Friday, December 16, 2011

Religion on the Public Square-On Nativity Scenes, Mithra, and more.

I think that I'm kind of an anomaly in Pagan circles, I believe that religion "on the public square" is a good thing.  I'm not necessarily opposed to the idea of Nativity scenes on public property, as long as every other faith has a chance to put their faith on display as well.  The baby Jesus in the manger is fine by me, as long as it's flanked by a menorah and a sign that says "Happy Yule."  Unfortunately, when you put religion on the public square, you get more than just shared Holiday Greetings, you often get deliberate antagonism.

This was vividly illustrated in a recent Associated Press story about the displacement of several Nativity/Christmas scenes at a coastal park in Santa Monica California.  The park allows for twenty-one displays, traditionally fourteen of them have been given to local churches who tend to put up Nativity scenes (they are churches, I can't say I'm surprised). This year the system changed and the twenty-one caged display areas were subject to a public drawing.  Out of the twenty-one available spots, two went to Christian churches, one went towards a Menorah, and the rest went to two atheists (one person can request up to nine spaces, two people got nine spaces a piece).  There are displays in three of the eighteen spots claimed by the atheists.  This angered a lot of churches, many of which had been putting up displays at this particular park for over 57 years.  

If you are wondering whose side I'm on, I'm on the side of the Christians. I have no trouble with atheists wanting to put up a display over the holidays, but I do think it's really a dickish move to claim a bunch of space with the intention of not doing anything with it.  There are no rules requiring them to give back their unused spaces either, so the spaces just sit there, empty.  This is obviously a petty move by some small minded people, and it makes me angry.  I have many atheist friends who behave rationally, but people like this, who just go out of there way to mock religion, I have very little tolerance for.  Remember Pagans, these are people who are going to make fun of your beliefs as well.  I know a lot of you out there tend to sympathize with atheists, and we often have common cause, but not in cases like this.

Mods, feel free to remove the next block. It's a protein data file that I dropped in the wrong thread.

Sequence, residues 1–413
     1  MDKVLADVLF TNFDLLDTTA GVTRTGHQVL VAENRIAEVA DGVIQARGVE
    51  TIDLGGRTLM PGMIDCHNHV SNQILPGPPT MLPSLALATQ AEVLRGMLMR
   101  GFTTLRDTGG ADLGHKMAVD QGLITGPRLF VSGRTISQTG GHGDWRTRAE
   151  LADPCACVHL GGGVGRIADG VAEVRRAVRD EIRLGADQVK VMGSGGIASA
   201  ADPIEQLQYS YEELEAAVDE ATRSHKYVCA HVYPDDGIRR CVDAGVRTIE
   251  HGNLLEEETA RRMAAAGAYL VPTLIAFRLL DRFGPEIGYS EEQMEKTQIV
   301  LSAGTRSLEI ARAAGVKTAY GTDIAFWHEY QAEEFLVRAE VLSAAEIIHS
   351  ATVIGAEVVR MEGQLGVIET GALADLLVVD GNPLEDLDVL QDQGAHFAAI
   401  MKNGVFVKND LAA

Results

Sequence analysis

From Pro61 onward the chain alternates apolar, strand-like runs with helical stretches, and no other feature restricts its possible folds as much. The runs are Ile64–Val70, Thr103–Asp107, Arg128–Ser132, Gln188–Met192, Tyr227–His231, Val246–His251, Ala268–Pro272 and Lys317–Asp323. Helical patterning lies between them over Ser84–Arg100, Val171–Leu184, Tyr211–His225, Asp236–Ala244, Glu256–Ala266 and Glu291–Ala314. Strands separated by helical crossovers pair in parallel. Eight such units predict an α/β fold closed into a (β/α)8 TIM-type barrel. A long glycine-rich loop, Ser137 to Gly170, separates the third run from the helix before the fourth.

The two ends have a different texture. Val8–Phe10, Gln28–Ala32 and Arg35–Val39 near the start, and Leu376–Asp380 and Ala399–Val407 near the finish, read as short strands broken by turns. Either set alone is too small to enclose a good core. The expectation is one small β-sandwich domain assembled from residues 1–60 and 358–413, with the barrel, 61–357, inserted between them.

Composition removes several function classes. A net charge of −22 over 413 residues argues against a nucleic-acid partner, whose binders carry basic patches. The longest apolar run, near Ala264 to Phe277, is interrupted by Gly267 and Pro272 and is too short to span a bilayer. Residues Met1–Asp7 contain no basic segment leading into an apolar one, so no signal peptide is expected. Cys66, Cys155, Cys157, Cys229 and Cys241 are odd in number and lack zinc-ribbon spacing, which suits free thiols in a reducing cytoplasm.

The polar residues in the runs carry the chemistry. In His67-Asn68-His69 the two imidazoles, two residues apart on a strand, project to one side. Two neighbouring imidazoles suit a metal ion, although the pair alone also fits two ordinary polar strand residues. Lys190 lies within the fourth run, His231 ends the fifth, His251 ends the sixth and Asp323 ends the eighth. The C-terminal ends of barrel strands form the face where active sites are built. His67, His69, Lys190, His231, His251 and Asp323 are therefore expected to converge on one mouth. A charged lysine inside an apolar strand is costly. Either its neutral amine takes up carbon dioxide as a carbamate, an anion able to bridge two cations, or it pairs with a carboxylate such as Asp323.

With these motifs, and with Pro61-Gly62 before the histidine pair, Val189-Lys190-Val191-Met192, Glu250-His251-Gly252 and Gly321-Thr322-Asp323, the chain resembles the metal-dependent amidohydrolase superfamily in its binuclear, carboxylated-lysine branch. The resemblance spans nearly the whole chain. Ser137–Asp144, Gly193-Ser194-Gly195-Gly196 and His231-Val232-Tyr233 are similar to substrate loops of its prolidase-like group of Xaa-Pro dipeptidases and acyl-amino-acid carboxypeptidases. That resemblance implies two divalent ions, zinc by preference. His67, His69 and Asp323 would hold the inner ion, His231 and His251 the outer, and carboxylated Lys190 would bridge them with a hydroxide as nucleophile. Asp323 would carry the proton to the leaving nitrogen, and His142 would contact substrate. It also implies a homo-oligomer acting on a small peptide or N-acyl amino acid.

It's not just the unused spaces that bothers me either, it's the way atheists like this shape their message.  As you can see in the picture above, the banner says "What myths do you see?*"  That's not a holiday greeting, and it's not going to make a Christian suddenly say "Oh, Jesus is a myth?"  It's designed to provoke, and it's certainly out of line with what many of us think The Holidays are about.  What's wrong with a sign that simply says "Happy Winter Solstice" or "Happy Holidays?"  Why does it have to be a sign that belittles someone else's beliefs?